Logourl black

Beall v. Beall

Court of Special Appeals of Maryland
413 A.2d 1365 (1980)


Facts

In 1968, Carlton Beall (Carlton) (plaintiff) bought a farm in Prince George’s County, Maryland, from Pearl Beall. Calvin Beall (Calvin), who was Pearl’s son and a second cousin to Carlton, together with his wife, Cecilia Beall (Cecelia) (defendant), owned a parcel that was bordered on three sides by the farm. When Carlton contracted to purchase the farm, he also executed an option agreement to buy Calvin and Cecilia’s property for $28,000. The option had a term of three years and was supported by consideration of $100. Carlton did not exercise the option. In 1971, a new option agreement between the Bealls was executed, for a term of five years and supported by another $100 in consideration. In 1975, the agreement for the five-year option was extended for an additional three years, to February 1, 1979. The extension was provided for in a writing addended to the five-year option and signed by both Calvin and Cecilia. The extension did not provide for additional consideration. In August 1977, Calvin died and Cecelia assumed full and sole ownership of the property. In May 1978 and September 1978, Carlton notified Cecelia that he was exercising the option to buy the property. She refused to sell and Carlton brought suit for specific performance. The trial court ruled in favor of Cecelia on the grounds that the purported option extension was not supported by consideration. Carlton appealed.

Rule of Law

The rule of law is the black letter law upon which the court rested its decision. To access this section, start your 7-day free trial of Quimbee for Law Students.

Issue

The issue section includes the dispositive legal issue in the case phrased as a question. To access this section, start your 7-day free trial of Quimbee for Law Students.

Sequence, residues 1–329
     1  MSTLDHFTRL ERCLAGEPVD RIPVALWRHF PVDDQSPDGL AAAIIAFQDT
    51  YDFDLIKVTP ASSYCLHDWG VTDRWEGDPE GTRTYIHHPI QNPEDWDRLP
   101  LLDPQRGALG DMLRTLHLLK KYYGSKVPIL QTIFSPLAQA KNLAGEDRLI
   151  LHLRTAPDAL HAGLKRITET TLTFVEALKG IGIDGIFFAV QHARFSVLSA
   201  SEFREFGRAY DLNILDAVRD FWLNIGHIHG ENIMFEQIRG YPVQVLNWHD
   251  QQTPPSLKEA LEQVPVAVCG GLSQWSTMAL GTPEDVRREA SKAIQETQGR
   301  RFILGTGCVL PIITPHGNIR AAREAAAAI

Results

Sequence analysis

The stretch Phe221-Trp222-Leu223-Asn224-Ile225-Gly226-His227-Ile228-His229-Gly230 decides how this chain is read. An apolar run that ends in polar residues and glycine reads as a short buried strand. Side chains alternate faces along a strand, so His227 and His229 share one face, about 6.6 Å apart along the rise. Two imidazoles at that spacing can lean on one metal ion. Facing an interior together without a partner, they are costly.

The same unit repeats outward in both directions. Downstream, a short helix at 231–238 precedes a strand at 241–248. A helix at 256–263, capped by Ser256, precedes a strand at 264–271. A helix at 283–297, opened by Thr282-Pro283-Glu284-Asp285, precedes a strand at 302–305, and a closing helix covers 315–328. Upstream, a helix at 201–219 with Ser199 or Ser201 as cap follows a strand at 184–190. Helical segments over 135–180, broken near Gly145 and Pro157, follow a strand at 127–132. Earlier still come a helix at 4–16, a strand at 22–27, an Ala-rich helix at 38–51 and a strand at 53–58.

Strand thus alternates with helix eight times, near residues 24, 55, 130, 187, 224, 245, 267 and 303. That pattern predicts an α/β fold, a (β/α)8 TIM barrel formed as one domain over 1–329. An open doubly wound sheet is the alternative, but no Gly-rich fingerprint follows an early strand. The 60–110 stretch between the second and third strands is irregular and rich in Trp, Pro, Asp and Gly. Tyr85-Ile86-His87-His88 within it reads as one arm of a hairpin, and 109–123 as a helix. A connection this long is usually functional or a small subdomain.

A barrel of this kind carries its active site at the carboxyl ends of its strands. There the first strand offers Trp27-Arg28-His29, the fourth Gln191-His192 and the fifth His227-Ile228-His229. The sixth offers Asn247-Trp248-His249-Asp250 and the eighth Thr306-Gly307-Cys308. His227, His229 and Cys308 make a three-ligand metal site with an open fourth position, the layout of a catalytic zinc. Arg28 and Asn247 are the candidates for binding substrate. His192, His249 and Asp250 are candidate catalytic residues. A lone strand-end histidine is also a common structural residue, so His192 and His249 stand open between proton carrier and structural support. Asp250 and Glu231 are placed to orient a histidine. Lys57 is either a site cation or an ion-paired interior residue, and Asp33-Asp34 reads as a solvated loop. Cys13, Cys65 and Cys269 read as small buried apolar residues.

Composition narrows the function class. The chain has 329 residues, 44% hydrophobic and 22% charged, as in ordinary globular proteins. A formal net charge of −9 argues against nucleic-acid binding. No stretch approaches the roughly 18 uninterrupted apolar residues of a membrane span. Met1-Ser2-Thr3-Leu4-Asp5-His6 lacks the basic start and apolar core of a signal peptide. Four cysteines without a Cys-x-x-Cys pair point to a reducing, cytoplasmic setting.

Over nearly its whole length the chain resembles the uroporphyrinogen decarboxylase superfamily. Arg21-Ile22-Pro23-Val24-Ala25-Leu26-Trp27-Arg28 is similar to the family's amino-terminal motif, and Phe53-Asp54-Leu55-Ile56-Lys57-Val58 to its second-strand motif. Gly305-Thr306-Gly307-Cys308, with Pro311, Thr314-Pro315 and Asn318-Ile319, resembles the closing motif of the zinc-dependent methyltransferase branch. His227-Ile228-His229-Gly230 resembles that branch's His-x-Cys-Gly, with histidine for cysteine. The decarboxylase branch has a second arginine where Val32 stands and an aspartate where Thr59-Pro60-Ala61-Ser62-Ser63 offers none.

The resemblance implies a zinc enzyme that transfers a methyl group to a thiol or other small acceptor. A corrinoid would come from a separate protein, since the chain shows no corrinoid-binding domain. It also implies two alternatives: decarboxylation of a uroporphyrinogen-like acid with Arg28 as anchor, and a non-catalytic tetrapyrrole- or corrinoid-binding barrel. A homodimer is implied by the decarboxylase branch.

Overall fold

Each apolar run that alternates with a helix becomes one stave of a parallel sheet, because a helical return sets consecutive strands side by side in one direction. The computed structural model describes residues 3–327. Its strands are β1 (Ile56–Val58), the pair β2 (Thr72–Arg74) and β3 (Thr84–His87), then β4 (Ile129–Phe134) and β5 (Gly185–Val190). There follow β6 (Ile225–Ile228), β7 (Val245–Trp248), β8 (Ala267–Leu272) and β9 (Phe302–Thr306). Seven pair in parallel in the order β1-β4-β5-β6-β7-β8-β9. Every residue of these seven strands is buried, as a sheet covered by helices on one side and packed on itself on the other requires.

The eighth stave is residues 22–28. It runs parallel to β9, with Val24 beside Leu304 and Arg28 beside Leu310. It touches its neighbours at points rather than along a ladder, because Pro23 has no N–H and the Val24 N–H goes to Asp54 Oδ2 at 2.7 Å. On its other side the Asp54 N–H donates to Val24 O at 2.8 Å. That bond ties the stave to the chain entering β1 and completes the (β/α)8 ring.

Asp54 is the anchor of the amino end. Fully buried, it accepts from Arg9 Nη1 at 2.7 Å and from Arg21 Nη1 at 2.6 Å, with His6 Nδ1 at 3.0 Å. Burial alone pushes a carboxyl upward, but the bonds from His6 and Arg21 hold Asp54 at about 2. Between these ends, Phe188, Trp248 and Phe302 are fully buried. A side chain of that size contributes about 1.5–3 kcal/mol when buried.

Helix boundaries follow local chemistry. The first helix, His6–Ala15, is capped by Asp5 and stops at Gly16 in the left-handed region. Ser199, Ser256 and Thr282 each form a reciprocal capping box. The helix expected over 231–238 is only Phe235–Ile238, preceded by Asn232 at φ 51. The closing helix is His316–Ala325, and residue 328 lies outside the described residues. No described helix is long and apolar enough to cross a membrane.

Holding and Reasoning (Moore, J.)

The holding and reasoning section includes:

  • A “yes” or “no” answer to the question framed in the issue section;
  • A summary of the majority or plurality opinion, using the CREAC method; and
  • The procedural disposition (e.g. reversed and remanded, affirmed, etc.).

To access this section, start your 7-day free trial of Quimbee for Law Students.

Here's why 77,000 law students rely on our case briefs:

  • Reliable - written by law professors and practitioners not other law students.
  • The right length and amount of information - includes the facts, issue, rule of law, holding and reasoning, and any concurrences and dissents.
  • Access in your class - works on your mobile and tablet.
  • 10,692 briefs - keyed to 140 casebooks.
  • Uniform format for every case brief.
  • Written in plain English - not in legalese and not just repeating the court's language.
  • Massive library of related video lessons - and practice questions.
  • Ability to tag case briefs in an outlining tool.
  • Top-notch customer support.
Start Your Free Trial Now